Unfortunately for the Republicans, though, the arguments they presented demonstrate why Biden’s comment may not be nearly as damning as they hope. At first glance, it was incredibly foolish of Biden to admit that the last four years have been tough ones for many voters. Certainly, Biden’s statement can only do more harm than good for the Democratic ticket.
But it will be seriously damaging for Obama and Biden only if voters are not smart enough to recognize an important fact of American politics: the White House does not single-handedly control all aspects of their lives. It does not hire and fire all the employees, or set all their salaries or set the prices of commodities. What Biden said is true: the middle class has had a hard few years under Obama, but Obama’s opponent would make the next four years even harder. If voters can separate those two things—to be sure, that is never a safe assumption—then Biden’s gaffe will not get much traction.
“Joe Biden is the broken clock that got it right,” joked Barbara Comstock, a Virginia state delegate at the Tuesday evening press conference in Denver. “Biden was more honest than he intended to be,” gloated former congressman Bob Beauprez. Beauprez went on to note the various measures by which the country has suffered. “There are more people unemployed than when Barack Obama stepped into the White House,” he said. Beauprez argued that the high rate of unemployment proves that the American Recovery Act was an abject failure. Beauprez threw out more statistics, always using Obama’s inauguration as the benchmark: gas prices are higher, the debt has increased, health insurance premiums have risen.
This is all technically true, but wildly misleading. The economy lost 3.8 million jobs between December 2008 and April 2009. Obama took office on January 21, 2009. No reasonable person could conceivably blame Obama for those layoffs. They were the result of the recession that began on President George W. Bush’s watch. The Recovery Act passed Congress on February 13, 2009. Obviously it took several months for the money it appropriated it to be disbursed, and a few months more for the multiplier effect of increased consumer spending to further bolster employment. (The Congressional Budget Office estimated that the stimulus saved or created 1.4 million jobs directly and 3.6 million jobs if you include indirect results.) That is why, if you look at a chart of US employment from the Bureau of Labor Statistics, you will see that employment has grown consistently since Obama’s policies started to take effect.
But it is also important to remember that the president does not set policy unilaterally. If Obama had his druthers, the stimulus may have been bigger and there would certainly have been further rounds of it. He was constrained by Republicans in Congress who refused to support even stimulative tax cuts.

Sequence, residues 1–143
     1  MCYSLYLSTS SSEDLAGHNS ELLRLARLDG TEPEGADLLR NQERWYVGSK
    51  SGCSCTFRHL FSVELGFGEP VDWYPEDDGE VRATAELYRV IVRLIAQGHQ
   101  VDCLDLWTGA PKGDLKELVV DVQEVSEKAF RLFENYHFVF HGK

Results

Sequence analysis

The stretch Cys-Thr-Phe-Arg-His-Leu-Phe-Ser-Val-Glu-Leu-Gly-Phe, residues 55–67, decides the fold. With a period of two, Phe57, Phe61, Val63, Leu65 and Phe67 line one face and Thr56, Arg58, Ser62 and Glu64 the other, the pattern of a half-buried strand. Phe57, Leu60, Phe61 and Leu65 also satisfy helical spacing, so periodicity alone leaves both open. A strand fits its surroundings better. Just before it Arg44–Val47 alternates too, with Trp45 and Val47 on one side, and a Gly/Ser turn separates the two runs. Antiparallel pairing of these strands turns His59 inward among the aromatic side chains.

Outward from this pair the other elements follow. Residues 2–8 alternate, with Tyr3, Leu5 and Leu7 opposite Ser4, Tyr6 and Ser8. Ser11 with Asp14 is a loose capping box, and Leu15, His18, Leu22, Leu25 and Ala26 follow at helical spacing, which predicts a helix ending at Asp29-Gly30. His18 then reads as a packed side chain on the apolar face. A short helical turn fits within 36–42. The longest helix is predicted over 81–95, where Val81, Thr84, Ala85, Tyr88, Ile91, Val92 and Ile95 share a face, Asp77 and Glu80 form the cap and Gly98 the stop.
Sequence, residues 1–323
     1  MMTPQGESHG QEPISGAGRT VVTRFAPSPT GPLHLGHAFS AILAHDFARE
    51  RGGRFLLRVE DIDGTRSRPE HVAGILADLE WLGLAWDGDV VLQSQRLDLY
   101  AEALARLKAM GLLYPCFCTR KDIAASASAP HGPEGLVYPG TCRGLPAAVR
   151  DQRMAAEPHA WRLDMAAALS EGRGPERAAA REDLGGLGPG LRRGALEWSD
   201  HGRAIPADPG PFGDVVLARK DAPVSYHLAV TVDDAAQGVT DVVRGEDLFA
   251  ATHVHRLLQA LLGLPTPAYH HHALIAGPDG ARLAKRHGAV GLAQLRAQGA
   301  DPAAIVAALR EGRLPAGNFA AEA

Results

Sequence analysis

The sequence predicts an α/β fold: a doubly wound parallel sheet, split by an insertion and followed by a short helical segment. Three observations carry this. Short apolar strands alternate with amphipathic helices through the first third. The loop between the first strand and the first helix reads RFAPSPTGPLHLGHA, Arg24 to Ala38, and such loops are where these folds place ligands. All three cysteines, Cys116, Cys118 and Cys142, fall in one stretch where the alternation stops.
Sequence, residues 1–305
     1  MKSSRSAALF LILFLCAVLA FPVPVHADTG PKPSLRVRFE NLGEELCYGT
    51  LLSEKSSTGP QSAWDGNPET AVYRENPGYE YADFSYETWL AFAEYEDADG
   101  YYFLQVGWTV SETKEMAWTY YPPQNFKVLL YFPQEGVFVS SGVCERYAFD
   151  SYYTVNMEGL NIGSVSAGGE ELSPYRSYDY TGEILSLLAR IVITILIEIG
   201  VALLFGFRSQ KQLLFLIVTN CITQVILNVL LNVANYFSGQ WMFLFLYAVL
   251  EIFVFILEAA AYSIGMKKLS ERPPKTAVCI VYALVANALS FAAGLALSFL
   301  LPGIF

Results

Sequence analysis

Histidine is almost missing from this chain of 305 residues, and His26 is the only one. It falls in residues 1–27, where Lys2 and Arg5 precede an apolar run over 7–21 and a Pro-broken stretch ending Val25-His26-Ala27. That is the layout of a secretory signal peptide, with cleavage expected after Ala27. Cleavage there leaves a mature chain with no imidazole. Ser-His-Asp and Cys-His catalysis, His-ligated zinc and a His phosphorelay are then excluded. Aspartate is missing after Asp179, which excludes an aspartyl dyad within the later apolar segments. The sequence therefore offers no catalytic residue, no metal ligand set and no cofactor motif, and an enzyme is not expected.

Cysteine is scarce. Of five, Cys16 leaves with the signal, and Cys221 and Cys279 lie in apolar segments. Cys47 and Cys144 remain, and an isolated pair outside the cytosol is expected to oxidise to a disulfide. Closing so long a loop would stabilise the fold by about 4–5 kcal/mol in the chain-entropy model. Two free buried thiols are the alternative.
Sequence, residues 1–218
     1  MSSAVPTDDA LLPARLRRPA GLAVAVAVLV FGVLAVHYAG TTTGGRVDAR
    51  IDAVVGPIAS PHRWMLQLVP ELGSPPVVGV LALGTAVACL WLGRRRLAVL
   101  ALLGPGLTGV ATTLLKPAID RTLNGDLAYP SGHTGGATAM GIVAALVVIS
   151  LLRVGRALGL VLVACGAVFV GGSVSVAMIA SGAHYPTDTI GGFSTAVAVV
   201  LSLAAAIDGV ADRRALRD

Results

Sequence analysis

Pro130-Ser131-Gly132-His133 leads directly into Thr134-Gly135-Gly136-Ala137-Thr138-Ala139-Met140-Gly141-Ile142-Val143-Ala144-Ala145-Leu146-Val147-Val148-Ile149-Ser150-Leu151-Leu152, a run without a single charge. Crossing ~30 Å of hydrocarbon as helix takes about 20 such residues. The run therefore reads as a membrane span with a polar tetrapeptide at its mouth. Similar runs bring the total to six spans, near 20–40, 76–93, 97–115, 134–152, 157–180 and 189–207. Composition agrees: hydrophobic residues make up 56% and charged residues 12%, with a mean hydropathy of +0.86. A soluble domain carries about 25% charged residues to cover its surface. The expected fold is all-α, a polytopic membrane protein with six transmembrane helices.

The same lesson—that the president’s influence over the economy is limited by Congress and the laws, policies and macroeconomic conditions he inherited—apply to the other metrics Republicans use to measure the difficulties of the last four years. The debt has indeed increased, but that is because of Bush’s policies—tax cuts, spending increases and wars—and the recession he left for Obama.
And then there is the fact that elections are choices. Obama and Biden do not need to convince a plurality of American voters that they are economic magicians. They need only to convince them that they will do better than their opponents.
So what do their opponents propose? More of the same policies which created exactly the conditions bemoaned by Biden and Republicans alike.
In Denver the Republican speakers attacked the stimulus in one breath and in the next breath they promised that Romney would boost employment by cutting taxes. But the stimulus consisted largely of tax cuts. I asked, If tax cuts were just proven not to stimulate the economy, as the speakers had implicitly just asserted, then why do they say more tax cuts will create growth? Representative Cory Gardner (R-CO) seemed not to understand the question despite my offering several clarifications. He just kept repeating ad nauseam that the stimulus had been “proven” not to work because unemployment remains above 8 percent.
Beauprez offered an actual answer: that the stimulus cut taxes selectively, while Romney and Ryan would cut taxes across the board. “The stimulus picked and chose winners and losers,” said Beauprez. “And a great portion of it went to green energy, and you know how well that went, just check out Solyndra.” Republicans are indeed obsessed with Solyndra. But the entire energy allocation in the stimulus was only $15.5 billion, of which $535 million went to Solyndra. Tax cuts acounted for $288 billion of the $840 billion total stimulus package.